In this course, students work on real cases and policies, supervised by practicing attorneys in a range of practice areas, while enrolled in a classroom component taught by Domestic Violence (DV) Field Placement Director Mallika Kaur. Through their placement, and engaging with fellow students in a range of very diverse placements, students develop a nuanced understanding of DV. Domestic violence does not only appear in the case load for family law attorneys or immigration attorneys or criminal attorneys or estate attorneys or personal injury attorneys. Rather, given the ubiquity of domestic violence, all attorneys, knowingly and unknowingly, serve clients impacted by domestic violence. The Field Placement is thus open to any student, regardless of past or future goals and experiences.
Students may choose a placement at one of various legal agencies in the Bay Area. The work focuses on restraining orders, family law, public benefits, immigration, asylum, tort actions, employment issues, prosecution, defense of accused and/or incarcerated victims, appellate work, or other issues involving domestic violence. Students also may work on policy matters, including helping draft and advocate for legislation.
At the placements, students interview clients; draft restraining orders, memoranda, and motions; represent clients at hearings; argue motions; and research policy issues. They may also attend meetings with attorneys, government officials, judges and legislators.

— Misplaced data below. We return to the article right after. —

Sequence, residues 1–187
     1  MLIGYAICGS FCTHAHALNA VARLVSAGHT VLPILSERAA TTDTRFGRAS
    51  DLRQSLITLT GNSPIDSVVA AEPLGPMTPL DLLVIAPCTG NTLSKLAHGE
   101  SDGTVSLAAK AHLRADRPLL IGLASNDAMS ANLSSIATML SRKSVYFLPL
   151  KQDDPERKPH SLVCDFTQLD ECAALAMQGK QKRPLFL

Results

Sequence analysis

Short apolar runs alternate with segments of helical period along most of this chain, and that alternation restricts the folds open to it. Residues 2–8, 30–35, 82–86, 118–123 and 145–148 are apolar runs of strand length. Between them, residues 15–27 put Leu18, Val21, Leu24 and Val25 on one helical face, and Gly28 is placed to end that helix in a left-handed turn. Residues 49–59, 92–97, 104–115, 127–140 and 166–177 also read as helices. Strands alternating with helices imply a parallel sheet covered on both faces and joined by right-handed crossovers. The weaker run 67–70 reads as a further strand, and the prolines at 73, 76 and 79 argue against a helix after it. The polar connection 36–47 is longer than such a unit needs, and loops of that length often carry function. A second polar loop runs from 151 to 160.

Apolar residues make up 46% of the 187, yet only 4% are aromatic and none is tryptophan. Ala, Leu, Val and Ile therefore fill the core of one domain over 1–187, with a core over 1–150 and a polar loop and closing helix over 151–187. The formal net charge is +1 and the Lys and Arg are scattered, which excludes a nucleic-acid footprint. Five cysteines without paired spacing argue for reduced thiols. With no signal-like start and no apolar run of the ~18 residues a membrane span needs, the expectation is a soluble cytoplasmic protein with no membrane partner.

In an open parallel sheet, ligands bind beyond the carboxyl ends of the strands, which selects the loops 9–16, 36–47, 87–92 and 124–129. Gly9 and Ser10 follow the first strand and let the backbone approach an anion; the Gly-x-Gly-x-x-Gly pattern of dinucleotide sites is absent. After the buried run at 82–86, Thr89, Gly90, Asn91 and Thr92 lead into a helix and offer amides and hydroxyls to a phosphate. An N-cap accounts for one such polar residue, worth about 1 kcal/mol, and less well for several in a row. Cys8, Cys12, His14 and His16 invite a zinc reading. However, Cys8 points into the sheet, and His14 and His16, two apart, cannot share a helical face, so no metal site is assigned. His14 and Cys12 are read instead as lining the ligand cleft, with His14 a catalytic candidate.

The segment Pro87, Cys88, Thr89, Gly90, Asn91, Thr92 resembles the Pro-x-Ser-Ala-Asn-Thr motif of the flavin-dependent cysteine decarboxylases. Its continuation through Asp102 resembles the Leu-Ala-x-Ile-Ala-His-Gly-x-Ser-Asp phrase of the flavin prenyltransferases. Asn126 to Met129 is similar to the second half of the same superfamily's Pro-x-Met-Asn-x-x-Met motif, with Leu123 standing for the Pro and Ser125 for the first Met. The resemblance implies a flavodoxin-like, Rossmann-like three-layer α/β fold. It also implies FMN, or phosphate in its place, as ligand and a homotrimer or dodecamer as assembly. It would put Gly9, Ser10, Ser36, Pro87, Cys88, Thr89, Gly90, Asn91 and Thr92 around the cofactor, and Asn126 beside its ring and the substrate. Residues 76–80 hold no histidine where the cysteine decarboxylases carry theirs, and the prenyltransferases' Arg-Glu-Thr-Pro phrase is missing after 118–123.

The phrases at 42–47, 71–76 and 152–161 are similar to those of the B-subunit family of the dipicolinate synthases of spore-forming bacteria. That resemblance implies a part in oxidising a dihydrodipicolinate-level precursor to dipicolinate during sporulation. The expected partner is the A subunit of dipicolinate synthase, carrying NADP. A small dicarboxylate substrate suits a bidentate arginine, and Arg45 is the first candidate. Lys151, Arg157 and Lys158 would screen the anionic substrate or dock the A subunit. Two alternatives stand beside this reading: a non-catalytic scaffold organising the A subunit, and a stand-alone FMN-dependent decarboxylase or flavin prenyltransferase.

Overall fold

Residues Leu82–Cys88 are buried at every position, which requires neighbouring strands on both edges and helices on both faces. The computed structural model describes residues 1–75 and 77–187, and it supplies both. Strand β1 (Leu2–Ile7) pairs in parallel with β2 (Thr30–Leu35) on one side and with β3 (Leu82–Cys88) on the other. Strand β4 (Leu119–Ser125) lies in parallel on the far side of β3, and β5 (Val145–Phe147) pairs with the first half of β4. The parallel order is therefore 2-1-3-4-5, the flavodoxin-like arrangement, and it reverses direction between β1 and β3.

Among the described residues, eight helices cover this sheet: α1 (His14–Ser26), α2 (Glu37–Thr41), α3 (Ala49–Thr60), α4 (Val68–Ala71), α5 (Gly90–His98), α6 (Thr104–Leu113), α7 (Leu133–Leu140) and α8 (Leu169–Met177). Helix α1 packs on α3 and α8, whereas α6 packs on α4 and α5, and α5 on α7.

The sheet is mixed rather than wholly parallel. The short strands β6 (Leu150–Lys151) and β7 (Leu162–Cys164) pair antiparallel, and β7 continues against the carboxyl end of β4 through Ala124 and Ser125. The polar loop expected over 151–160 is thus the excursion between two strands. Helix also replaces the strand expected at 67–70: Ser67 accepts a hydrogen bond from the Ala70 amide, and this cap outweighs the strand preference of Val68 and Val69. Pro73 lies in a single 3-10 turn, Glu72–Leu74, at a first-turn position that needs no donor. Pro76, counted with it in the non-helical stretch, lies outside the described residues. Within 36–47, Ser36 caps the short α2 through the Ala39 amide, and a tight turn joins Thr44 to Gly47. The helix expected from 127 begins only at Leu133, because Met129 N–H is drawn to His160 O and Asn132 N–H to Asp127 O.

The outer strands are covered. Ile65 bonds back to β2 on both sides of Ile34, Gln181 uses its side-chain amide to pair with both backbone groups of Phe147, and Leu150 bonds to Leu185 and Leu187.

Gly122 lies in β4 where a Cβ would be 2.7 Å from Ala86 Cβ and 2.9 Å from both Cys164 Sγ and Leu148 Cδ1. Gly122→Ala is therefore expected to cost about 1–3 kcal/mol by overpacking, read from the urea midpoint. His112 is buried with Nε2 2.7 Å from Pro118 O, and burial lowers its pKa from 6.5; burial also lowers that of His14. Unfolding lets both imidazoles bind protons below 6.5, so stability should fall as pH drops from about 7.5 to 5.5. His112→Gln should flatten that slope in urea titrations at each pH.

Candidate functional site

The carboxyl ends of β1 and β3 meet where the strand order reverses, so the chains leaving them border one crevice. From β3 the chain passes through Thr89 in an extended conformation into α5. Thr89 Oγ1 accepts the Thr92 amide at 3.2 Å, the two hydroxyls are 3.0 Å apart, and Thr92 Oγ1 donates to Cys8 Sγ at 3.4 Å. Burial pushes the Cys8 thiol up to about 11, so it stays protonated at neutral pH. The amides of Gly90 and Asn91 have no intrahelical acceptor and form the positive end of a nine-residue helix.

The placements provide a rewarding opportunity to engage with victim-survivors of Domestic Violence, to witness the laws around DV in action, to learn important legal skills, to experience negotiating trauma and emotions of legal work, and to build a collaborative network of contacts in the legal community.
- DV Field Placement meets Professional Responsibility requirement
- DV Field Placement meets J.D. Experiential Requirement
- DV Field Placement counts towards LLM Practical Lawyering Certificate
Here is the PDF for the Domestic Violence Field Placement Flyer (above).
THE JIM FAHEY SAFE HOMES FOR WOMEN FELLOWSHIP
The Jim Fahey Safe Homes Fund for Women endowment was established in 2007 to provide scholarships for graduate students at UC Berkeley with demonstrated financial need and a strong aptitude in relevant subjects as well as a deep commitment to combating domestic violence against women. Preference is given to students who are close to graduation, and who have completed coursework on feminist or gender or women’s studies, families, domestic violence, and the like. Undocumented students eligible to apply. No work authorization required.